The creative process works in many ways. The earlier Romantic poets believed creation happened after taking a moment to reflect on the passion of inspiration while the later Romantics opted to run with their work fueled by the fire of their muse. When asked about Memory: The Origins of Alien, director Alexandre Phillipe said “There really isn’t much of a conscious thought process in terms of let’s try to strategize what the next movie is going to be, it seems to come organically.” This methodology is also evident in not only Phillipe’s direction, but also of his subject William Friedkin.
Phillipe’s documentary Leap of Faith: William Friedkin on the Exorcist focuses on the nature of filmmaking and the many moving parts of making a film come together. True to its title, Phillipe gives Friedkin the floor to elucidate on the instincts and influences that propelled him through the making of 1973’s The Exorcist.
The setting and setup for Leap of Faith is simple. William Friedkin sits in a chair and tells his story. Friedkin is a master storyteller and Phillipe gives him full reign to tell the story he wants to tell. Never pretentious and boldly uninhibited, Friedkin divulges the sources that awakened some of The Exorcist’s most iconic shots. From surreal artwork to classical music, Friedkin describes the process of incorporating those works into the film. He explains how the art develops some of the more haunting images of the film and says he wanted to use music that was “like a cold hand on the back of the neck.”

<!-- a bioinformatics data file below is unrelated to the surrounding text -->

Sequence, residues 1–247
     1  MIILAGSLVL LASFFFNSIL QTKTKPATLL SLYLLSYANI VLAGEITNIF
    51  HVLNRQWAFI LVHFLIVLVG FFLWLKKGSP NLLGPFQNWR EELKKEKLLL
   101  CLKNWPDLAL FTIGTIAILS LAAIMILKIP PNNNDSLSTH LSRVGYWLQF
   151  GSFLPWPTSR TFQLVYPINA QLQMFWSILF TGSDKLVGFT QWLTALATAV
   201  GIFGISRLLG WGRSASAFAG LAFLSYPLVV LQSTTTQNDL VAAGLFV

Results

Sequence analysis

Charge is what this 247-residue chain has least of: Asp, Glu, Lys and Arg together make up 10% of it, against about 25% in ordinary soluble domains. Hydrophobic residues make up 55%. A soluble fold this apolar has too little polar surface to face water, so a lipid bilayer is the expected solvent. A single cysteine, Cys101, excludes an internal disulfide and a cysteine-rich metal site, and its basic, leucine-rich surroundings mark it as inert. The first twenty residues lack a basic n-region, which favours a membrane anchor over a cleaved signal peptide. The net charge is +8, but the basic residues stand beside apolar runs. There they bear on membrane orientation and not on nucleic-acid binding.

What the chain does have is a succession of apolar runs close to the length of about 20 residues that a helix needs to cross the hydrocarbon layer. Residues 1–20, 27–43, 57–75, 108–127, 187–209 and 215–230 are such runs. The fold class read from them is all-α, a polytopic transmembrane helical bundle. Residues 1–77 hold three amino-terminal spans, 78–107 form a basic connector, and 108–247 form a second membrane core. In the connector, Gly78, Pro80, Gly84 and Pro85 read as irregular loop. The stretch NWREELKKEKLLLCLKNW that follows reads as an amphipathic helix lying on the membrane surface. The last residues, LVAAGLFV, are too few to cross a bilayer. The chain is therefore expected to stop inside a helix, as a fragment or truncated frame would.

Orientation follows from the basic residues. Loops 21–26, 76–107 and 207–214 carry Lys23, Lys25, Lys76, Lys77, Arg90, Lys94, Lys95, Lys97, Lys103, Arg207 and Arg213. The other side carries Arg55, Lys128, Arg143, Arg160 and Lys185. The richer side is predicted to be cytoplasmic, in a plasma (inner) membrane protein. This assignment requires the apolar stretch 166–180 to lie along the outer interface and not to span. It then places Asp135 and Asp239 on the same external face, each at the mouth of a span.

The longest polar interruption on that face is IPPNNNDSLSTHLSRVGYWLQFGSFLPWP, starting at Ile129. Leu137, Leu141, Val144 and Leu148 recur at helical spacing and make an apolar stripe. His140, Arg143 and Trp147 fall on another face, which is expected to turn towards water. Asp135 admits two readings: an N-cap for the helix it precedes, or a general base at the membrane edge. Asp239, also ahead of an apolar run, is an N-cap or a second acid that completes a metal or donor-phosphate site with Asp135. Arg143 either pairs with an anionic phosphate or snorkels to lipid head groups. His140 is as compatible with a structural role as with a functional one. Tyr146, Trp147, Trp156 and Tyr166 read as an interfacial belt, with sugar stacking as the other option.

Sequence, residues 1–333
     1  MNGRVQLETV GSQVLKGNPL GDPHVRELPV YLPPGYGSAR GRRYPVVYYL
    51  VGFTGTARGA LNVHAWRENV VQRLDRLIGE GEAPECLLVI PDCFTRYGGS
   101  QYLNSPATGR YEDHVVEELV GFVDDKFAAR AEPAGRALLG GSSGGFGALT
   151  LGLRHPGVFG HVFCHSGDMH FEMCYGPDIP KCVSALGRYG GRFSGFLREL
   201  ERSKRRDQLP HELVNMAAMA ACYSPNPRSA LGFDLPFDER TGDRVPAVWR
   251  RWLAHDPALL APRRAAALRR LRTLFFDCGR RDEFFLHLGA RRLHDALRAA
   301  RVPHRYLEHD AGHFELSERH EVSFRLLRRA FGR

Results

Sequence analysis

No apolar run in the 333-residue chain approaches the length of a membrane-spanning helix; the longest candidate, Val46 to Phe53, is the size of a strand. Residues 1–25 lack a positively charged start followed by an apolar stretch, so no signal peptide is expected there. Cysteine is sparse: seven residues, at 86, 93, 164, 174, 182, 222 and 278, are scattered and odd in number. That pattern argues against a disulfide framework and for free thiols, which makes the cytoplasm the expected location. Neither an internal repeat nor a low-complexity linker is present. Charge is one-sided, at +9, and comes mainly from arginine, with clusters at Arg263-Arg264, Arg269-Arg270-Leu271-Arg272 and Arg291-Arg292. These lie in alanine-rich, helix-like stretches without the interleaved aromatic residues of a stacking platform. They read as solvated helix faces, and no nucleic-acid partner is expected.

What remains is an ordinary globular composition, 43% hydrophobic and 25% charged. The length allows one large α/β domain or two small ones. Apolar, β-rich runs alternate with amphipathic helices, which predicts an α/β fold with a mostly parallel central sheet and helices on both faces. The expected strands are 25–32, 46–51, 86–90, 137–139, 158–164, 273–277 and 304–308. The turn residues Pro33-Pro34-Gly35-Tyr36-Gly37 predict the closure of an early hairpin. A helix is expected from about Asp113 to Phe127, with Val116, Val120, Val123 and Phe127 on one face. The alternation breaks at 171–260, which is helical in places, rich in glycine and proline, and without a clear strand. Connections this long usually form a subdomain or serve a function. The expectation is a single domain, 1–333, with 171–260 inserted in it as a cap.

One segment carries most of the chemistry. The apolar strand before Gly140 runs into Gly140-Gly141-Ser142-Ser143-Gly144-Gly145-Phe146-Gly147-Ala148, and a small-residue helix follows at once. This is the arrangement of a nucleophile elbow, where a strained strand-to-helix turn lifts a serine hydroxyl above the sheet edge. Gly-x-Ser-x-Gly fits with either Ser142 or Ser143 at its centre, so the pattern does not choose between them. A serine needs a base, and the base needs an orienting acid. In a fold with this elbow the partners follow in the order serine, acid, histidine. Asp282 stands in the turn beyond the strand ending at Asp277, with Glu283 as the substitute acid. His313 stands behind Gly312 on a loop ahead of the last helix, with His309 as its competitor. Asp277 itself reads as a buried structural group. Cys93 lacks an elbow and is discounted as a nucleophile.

Having been a documentarian, Friedkin discusses the value of spontaneity over perfection and how he applies this theory to cinema. Phillipe rolls with Friedkin’s spontaneity as he bounces from numerous topics that culminate in his overall appraisal of the film.
Friedkin’s storytelling is intercut with scenes from classic films like The Best Years of Our Lives and Citizen Kane to illustrate various points he is putting forth. This is particularly impactful because it brings some concrete understanding to Friedkin’s poetic sometimes abstract ideas of “Rosebud moments.” In addition to the film scenes, Friedkin also discusses the importance of music for atmosphere and various pieces are heard throughout to emphasize this point.
Leap of Faith: William Friedkin on the Exorcist will draw in filmmakers and film watchers alike. Friedkin’s anecdotes are funny and charming and he speaks lovingly about the profession and experience. Phillipe’s Leap of Faith: William Friedkin on the Exorcist debuted at the Sundance Film Festival, but will begin streaming on Shudder on November 19th.
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